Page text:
Health law doesn’t burden religion, appeals court rules

WASHINGTON — A federal appeals court Tuesday handed the Obama administration another victory in its effort to guarantee coverage of contraceptives under the Affordable Care Act, rejecting a challenge by the Little Sisters of the Poor, an order of Roman Catholic nuns.

The 10th U.S. Circuit Court of Appeals, in Denver, found that the nuns could opt out of a requirement to provide contraceptive coverage under an “accommodation” devised by the administration. The rule does not impose a “substantial burden” on the nuns’ free exercise of religion, the court said.

Four other federal appeals courts — in the District of Columbia, Philadelphia, Chicago and New Orleans — have issued similar decisions upholding the accommodation, which is intended to address the concerns of nonprofit religious organizations that object to providing contraceptive coverage for women enrolled in their health plans.

In the decision Tuesday, Judge Scott Matheson Jr. called opting out of contraceptive coverage a routine administrative task, “as easy as obtaining a parade permit, filing a simple tax form or registering to vote.”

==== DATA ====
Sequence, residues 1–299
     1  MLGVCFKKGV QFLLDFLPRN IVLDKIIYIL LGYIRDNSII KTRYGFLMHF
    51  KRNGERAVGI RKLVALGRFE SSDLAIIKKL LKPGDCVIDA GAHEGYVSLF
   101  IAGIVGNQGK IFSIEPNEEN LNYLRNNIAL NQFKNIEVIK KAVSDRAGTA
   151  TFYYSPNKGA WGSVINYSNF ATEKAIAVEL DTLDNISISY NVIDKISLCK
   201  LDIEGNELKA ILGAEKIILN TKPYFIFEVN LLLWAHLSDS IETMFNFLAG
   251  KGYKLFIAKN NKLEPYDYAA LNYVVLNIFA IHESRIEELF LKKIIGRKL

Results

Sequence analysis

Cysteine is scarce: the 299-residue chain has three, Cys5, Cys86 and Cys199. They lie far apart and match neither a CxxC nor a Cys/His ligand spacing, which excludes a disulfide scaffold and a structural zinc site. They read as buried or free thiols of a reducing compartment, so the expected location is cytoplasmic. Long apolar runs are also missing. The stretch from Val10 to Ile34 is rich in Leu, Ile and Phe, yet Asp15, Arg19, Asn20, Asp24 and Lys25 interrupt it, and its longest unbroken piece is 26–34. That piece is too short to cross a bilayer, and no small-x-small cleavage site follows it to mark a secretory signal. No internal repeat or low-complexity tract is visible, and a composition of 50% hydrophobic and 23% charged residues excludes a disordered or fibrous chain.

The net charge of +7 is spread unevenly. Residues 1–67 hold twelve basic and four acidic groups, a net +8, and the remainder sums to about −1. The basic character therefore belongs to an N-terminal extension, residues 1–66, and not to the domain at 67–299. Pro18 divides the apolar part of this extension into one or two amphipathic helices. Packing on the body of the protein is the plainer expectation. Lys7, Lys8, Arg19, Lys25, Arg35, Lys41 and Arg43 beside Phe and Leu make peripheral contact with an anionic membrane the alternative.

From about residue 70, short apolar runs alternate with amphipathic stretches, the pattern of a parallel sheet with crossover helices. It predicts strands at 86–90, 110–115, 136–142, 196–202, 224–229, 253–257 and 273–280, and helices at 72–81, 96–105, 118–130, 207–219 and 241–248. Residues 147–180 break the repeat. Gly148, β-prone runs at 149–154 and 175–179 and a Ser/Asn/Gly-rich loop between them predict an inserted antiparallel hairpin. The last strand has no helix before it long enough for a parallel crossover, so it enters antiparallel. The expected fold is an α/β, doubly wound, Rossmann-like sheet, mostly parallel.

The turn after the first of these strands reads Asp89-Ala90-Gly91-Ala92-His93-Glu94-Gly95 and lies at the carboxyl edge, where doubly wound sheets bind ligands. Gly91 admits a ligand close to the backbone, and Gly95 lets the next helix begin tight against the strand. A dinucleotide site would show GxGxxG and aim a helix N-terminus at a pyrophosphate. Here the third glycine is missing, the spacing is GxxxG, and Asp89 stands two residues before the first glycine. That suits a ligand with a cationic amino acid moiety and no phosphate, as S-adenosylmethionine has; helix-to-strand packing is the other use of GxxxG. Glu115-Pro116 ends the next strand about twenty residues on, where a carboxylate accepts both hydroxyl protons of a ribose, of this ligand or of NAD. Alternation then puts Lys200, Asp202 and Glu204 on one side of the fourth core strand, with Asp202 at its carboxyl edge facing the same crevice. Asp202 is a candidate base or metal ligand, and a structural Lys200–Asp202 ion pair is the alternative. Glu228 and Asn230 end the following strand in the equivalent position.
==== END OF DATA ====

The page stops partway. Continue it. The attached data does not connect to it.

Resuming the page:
Matheson said that religious employers, under federal rules, could opt out by reporting their objections to their health-insurance companies and the administrators of their health plans, or to the secretary of health and human services.

The court rejected the Little Sisters’ assertion that this arrangement imposed a substantial burden in violation of the Religious Freedom Restoration Act of 1993.

When a religious organization opts out, by reporting its objections and providing information about its health plan, the government can use that information to try to arrange contraceptive coverage for its employees. The nuns found this arrangement abhorrent because, they said, it would make them “complicit” in the delivery of contraceptives.

Matheson, like judges on other appeals courts, rejected that argument.

“Plaintiffs do not ‘trigger’ or otherwise cause contraceptive coverage because federal law, not the act of opting out, entitles plan participants and beneficiaries to coverage,” the judge said. “Although plaintiffs allege the administrative tasks required to opt out of the mandate make them complicit in the overall delivery scheme, opting out instead relieves them from complicity.”

Moreover, Matheson said, “Congress has created a federal entitlement to contraceptive coverage and formulated a framework to guarantee that coverage will be provided even if plaintiffs decline to provide it.”

Sister Loraine Marie Maguire, a leader of the Little Sisters of the Poor, said she was dismayed by the decision.

“We simply cannot choose between our care for the elderly poor and our faith,” she said.

“For over 175 years, we have served the neediest in society with love and dignity. All we ask is to be able to continue our religious vocation free from government intrusion.”

Judge Monroe G. McKay joined Matheson’s opinion. Another judge, Bobby R. Baldock, agreed with parts of the opinion and dissented from others. He said the federal rule imposed a substantial burden on several plaintiffs that were their own insurers.